After the crash, Maritime New Zealand, the government agency responsible for responding to such incidents, attempted to identify the owner and begin to address the potential problems.  In the meantime the anxiety and concern of the local people in Tauranga increased—it was their beach that was threatened.  Soon a slick was seen, stretching like a narrow ribbon.  Dispersants were used but quickly proved ineffective in rough seas.  Four dead birds are found in the water near the ship so a bird cleaning and rehabilitation center was established.  By the third day, heavy oil began to spill into the sea.  The anxiety of locals increases with the arrival of a little blue penguin in trouble on local beaches.  Unease increased as a storm approached with little action to empty the ship. 
The arrival of heavy seas made action impossible and by the sixth day, globules of oil were found on the beaches and foul fumes were in the air.  Many locals were speechless and a local Maori leader cursed official over their lack of action. 
Local people, grieving and upset over the lack of government action to protect their local environment, began to wander onto the beach, ignoring the warnings to stay away. Out of desperation and a need to respond, they scraped up contaminated sand, leaving little plastic bags of the stuff dotted on beaches.  Local lifeguards took upon themselves the responsibility of keeping people off the beach, but soon realized that it was affecting their relationships with their communities.   
Al Fleming from Forest and Bird spelled out what is at stake. 10,000 grey-faced petrels, thousands of diving petrels, white-faced storm petrels and fluttering shearwaters breeding on nearby islands, several thousand gannets, 200 to 300 little blue penguins.  Shorebirds such as endangered New Zealand dotterels, and oystercatchers and white-fronted terns were starting to nest on sandy beaches just above the high tide mark.  There was also danger to finfish, shellfish, crustaceans, filter feeders and other seafloor life.
About the 7th day, Environment Minister Nick Smith told a crowd in Tauranga that oil has been pouring out and would continue to do so for weeks.  The locals asked:  Why have we not been allowed to be involved?  While they talked, a wandering albatross was found dead, so covered in oil it could barely be identified. Two hundred birds had died and more than 1000 would succumb to the effects of the oil.  Debris was strewn far and wide, including thousands of meat patties scattered on one beach.
Maritime New Zealand
Maritime New Zealand
 Finally, Maritime New Zealand began to engage with the public as a partner, coordinated through the Bay of Plenty Regional Council.  An information network was established, volunteers were trained, and community action and engagement was finally allowed to be funneled into positive action.  More than 8000 people volunteered.  This was their beach and their responsibility.  Their story is one that needs to be told more broadly.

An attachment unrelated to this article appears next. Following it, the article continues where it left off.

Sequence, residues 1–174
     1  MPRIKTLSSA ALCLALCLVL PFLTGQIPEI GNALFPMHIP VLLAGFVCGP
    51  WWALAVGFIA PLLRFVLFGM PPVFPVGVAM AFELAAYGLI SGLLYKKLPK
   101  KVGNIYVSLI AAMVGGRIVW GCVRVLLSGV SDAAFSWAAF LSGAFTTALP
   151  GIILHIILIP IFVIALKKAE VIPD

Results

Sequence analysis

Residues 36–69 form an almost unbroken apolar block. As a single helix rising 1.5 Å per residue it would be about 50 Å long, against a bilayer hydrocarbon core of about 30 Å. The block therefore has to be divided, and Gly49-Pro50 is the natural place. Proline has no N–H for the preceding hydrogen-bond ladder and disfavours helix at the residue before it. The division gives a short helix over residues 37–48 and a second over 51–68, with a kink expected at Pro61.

Maritime New Zealand
Maritime New Zealand
Maritime New Zealand
Maritime New Zealand
This tragedy occurred in a specific place.  It emotionally and physically affected the community that inhabited that place, a community that collectively felt responsibility for the environment around them.  And decision-makers at each level had to learn to work across scale collaboratively to respond effectively and honor and build the capacity of the local community.
 So why do we get caught in the dichotomy between market and government?  The market needs oversight by government, particularly in the areas of environmental concern that involve the common good, non-market resources such as clean air and water, and in areas that involve the commons.  The market alone cannot protect the world’s oceans and the adjacent beaches from the environmental destruction that comes from the migration of registration of cargo ships to countries with the lowest possible safety measures and training in place.  The market is not a perfect instrument.  But if we put a market price on the cost of oil and included the cost of such accidents, it would certainly help.  The market can help us signal real costs.  The federal-level government needs to work in partnership with local institutions.  Otherwise it can undermine local government, local initiative, and local ownership over the stewardship of its resources.  When it does, it undermines its own ability to fulfill its duty.
Subsidiarity—it is about the responsibility of higher levels of authority to build capacity at the lowest levels possible, leading to the strengthening of the mediating structures that are essential for the sustainability of ecological and social health in the places where we live.  It is about being on the beach and close to the ground when crises strike.